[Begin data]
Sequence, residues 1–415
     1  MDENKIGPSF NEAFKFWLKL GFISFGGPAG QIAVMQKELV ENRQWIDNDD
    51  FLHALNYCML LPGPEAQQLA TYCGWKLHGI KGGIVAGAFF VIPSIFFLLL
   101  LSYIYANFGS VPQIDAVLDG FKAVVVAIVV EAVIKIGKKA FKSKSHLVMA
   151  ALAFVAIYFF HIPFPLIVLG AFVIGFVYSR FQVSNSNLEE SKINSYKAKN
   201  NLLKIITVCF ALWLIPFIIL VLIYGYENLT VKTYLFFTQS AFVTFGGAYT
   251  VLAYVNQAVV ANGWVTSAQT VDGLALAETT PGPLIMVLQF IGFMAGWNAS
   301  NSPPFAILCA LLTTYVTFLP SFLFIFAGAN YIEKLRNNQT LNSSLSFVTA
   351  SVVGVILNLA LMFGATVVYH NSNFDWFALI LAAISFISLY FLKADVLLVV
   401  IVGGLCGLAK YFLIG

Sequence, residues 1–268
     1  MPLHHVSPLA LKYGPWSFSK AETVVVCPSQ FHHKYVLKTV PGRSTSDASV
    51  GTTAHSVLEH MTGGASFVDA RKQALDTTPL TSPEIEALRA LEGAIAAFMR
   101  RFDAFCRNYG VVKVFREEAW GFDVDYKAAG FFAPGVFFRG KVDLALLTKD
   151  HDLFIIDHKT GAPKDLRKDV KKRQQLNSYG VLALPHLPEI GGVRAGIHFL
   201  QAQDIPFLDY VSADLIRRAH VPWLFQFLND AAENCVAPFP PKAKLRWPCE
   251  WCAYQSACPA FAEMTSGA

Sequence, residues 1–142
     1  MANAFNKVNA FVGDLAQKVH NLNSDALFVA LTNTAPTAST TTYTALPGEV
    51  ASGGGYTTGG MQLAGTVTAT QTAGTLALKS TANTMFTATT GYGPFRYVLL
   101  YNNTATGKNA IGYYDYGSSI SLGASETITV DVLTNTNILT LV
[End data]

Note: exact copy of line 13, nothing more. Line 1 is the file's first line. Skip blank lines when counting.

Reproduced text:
    51  GTTAHSVLEH MTGGASFVDA RKQALDTTPL TSPEIEALRA LEGAIAAFMR